While the Canadian Cancer Society agrees that short periods of sun exposure can be beneficial, it says too much can increase risk for skin cancer and cataracts. In order to avoid switching risk for one cancer for another, the society continues to advise following its Sunsense guidelines:
• Protect yourself and your family from the sun, particularly between 11 a.m. and 4 p.m. when the sun’s rays are at their strongest, or any time of the day when the UV Index is 3 or more.
• Use a sunscreen with a SPF of 15 or higher – and SPF 30 if you work outdoors or if you will be outside for most of the day. Look for “broad spectrum” sunscreen that offers protection against two types of ultraviolet rays, UVA and UVB.
Too much of a good thing
In response to the growing evidence on the healthy benefits of vitamin D, Health Canada announced it will be participating in a conference to be held by the US National Institutes of Health in September 2007. The forum will seek to evaluate the efficacy and safety of Vitamin D across all age groups.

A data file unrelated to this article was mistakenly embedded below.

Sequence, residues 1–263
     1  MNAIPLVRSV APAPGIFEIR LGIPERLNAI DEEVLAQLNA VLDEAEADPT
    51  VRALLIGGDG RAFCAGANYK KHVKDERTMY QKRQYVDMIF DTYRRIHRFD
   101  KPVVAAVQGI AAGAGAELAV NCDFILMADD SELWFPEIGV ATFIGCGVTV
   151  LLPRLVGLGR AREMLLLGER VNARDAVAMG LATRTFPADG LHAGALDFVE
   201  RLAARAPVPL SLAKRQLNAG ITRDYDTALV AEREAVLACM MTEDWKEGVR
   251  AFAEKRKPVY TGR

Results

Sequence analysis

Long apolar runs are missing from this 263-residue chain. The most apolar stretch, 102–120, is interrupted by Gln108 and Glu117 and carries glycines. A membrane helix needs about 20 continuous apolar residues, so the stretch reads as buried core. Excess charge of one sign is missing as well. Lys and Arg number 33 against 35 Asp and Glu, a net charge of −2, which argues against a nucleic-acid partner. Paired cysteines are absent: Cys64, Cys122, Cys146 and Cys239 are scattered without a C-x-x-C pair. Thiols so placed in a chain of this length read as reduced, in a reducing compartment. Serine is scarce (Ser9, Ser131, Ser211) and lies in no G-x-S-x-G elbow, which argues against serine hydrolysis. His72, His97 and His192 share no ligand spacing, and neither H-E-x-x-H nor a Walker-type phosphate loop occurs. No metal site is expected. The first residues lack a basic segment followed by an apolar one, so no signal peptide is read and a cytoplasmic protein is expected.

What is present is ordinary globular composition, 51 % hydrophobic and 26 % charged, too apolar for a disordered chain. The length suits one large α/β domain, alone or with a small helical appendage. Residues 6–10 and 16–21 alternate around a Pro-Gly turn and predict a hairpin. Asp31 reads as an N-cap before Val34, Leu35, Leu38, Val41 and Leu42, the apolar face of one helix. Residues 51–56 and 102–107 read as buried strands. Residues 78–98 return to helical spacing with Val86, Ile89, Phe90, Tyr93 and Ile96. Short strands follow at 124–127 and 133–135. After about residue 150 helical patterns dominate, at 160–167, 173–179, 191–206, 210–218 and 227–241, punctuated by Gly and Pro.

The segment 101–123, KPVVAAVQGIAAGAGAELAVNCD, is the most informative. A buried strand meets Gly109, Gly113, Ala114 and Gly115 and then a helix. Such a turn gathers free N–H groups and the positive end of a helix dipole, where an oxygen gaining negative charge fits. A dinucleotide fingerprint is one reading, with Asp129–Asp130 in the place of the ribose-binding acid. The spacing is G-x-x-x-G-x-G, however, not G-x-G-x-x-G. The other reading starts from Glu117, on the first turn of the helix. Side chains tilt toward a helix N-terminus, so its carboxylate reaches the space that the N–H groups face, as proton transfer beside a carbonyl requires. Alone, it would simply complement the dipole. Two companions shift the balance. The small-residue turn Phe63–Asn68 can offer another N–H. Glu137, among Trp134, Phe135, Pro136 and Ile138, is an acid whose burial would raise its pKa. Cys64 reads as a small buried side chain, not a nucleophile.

In the meantime, Health Canada warns about the risks of taking too much vitamin D. People are advised not exceed the tolerable upper intake level set for adults at 2000 IU/day from all sources of vitamin D, including milk and over the counter supplements.
Health risks of extremely high doses of vitamin D include development of kidney stones as well as nausea, vomiting and constipation.
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